Martin-Lescanne based on Nams (1999) subgenus Yuzurua (Martin-Lescanne et al., 2010). Thus, five genera are currently assigned to the Laurencia complex: Laurencia J.V. Lamouroux itself, Osmundea, Chondrophycus, Palisada and Yuzurua. Several morpho-anatomical and reproductive characters used in the taxonomy of the complex have been shown to have diagnostic value at the generic level only (Saito, 1967; Nam et al., 1994; Garbary & Harper, 1998; Nam, 1999, 2006). Many species have no defined taxonomic boundaries and present extensive morphological plasticity, making their taxonomic delimitation difficult. In this context, the use of molecular markers has proven to be useful for delimiting the taxa and inferring their phylogenetic relationships and has corroborated the current classification system (Nam et al., 2000; McIvor et al., 2002; Abe et al., 2006; Fujii et al., 2006; DazLarrea et al., 2007; Cassano et al., 2009; Gil-Rodrguez et al., 2009; Martin-Lescanne et al., 2010; Rocha-Jorge et al., 2010). The genera are distinguished by a combination of both vegetative and reproductive characteristics: number of pericentral cells per vegetative axis, position of the first pericentral cell relative to the trichoblast, origin of the tetrasporangia, absence or presence of fertility of the second pericentral cell, number of sterile pericentral cells in the tetrasporangial axis, origin of the spermatangial branches, formation pattern of the spermatangial branches on trichoblasts, the number of pericentral cells in procarp-bearing segments of female trichoblasts, and probably post-fertilization features associated with the formation time of the auxiliary cell. Many of these characters overlap among the genera. Effectively, the genus Laurencia is distinct from the other four genera by the presence of four pericentral cells per axial segment; two pericentral cells occur in Osmundea, Chondrophycus, Palisada and Yuzurua (Nam et al., 1994; Garbary & Harper, 1998; Nam, 1999, 2006; Martin-Lescanne et al., 2010). The genus Osmundea is distinct from the other genera by the tetrasporangial production from random cortical cells rather than from particular pericentral cells and filament-type rather than trichoblast-type spermatangial development (Nam et al., 1994). The genus Chondrophycus is characterized by spermatangial branches produced from two laterals on the suprabasal cell of trichoblasts, but remaining partly sterile, and a tetrasporangial axis with the first and second pericentral cells never fertile (Nam, 1999). In the genus Palisada, the spermatangial branches are produced from one of two laterals on the suprabasal cells of trichoblasts and the second pericentral cell in the tetrasporangial axis is always fertile; the resulting axis has one sterile pericentral cell (Nam, 2006). The genus Yuzurua shares the majority of the morphological characters of Palisada, from which it was recentlyRev. Bras. Farmacogn. / Braz. J. Pharmacogn.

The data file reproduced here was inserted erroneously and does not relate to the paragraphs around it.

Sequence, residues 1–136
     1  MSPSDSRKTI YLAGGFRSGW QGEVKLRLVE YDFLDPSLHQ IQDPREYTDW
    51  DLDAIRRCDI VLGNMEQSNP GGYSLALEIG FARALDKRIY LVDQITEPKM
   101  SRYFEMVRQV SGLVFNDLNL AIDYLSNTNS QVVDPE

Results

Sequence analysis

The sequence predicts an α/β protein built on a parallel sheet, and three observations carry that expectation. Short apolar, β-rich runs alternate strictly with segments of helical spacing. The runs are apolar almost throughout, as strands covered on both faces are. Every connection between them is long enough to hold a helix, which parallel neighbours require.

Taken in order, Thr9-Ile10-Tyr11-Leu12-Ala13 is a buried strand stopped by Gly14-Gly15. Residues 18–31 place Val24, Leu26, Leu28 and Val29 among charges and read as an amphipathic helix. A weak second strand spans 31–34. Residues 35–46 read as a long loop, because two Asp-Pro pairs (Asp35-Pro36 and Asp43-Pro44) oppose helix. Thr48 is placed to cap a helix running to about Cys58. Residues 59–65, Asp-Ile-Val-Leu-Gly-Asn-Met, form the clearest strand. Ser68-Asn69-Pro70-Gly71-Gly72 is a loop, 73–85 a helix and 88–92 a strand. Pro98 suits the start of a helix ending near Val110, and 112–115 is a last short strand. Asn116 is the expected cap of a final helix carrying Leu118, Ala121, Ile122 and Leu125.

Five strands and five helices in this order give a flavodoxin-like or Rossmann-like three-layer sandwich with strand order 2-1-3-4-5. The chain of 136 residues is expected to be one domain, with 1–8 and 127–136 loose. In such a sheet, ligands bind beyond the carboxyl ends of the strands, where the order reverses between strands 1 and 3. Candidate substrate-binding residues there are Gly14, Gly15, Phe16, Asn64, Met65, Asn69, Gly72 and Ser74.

segregated, but differs by not having palisade-like cells, by the presence of secondary pit-connections between cortical cells, and by procarp-bearing segments with five pericentral cells rather than four (Fujii et al., 1996). The species of the Laurencia complex are widely distributed along the Brazilian coast from Cear (Pinheiro-Joventino et al., 1998) to Rio Grande do Sul (Baptista, 1977), growing in different types of habitats (Fujii & Sentes, 2005) and constituting an important element of Brazilian phycological flora (Oliveira Filho, 1977). The members of this complex, in particular Laurencia s.s., are prolific synthesizers of structurally elaborate halogenated secondary metabolites and have been reported to produce a numerous diversity of unique compounds, especially terpenes (Martn & Darias, 1978; Erickson, 1983; Pereira & Teixeira, 1999). Although the function of these secondary metabolites has not yet been clearly defined, it has been suggested that these metabolites play a major role in mediating ecological interactions such as algae/herbivore interactions (Hay et al., 1987, Hay & Steinberg, 1992), with these compounds acting as a defense against being eaten or as a deterrent against epibiota, i.e., an antifouling activity (da Gama et al., 2002; Cassano et al., 2008; Lhullier et al., 2009), or protection against pathogens (Knig & Wright, 1997). Thus, ecological pressures such as competition for space, fouling of the surface, predation, and successful reproduction have led to the evolution of unique secondary metabolites with various biological activities (Ireland et al., 2000). The prominent biological activity of marine terpenes is evident in their ecological role in the marine environment and makes them interesting as potential drugs. Many of these natural products are pharmacologically active and marine algae, especially those from tropical and subtropical seas, are able to produce a wide range of compounds, many of which exhibit at least some degree of bioactivity (Fernndez et al., 1998, 2005; da Gama et al., 2002; Cassano et al., 2008; Lhullier et al., 2009; Machado et al., 2010; Santos et al., 2010). In fact, the marine environment represents a treasure trove of useful products awaiting discovery for the treatment of infectious and parasitic diseases (Vairappan et al., 2004; Morales et al., 2006), cancer (Mohammed et al., 2004; Stein et al., 2011), cognitive diseases, inflammatory processes, and viral infections (Sakemi et al., 1986). Despite the many structures known and their ecological and pharmacological importance, only a few biosynthetic studies have been performed on marine terpenoid compounds (Gross & Knig, 2006). In this paper, the current status of the taxonomy of the Laurencia complex in Brazil is outlined, together with the diversity of secondary metabolites produced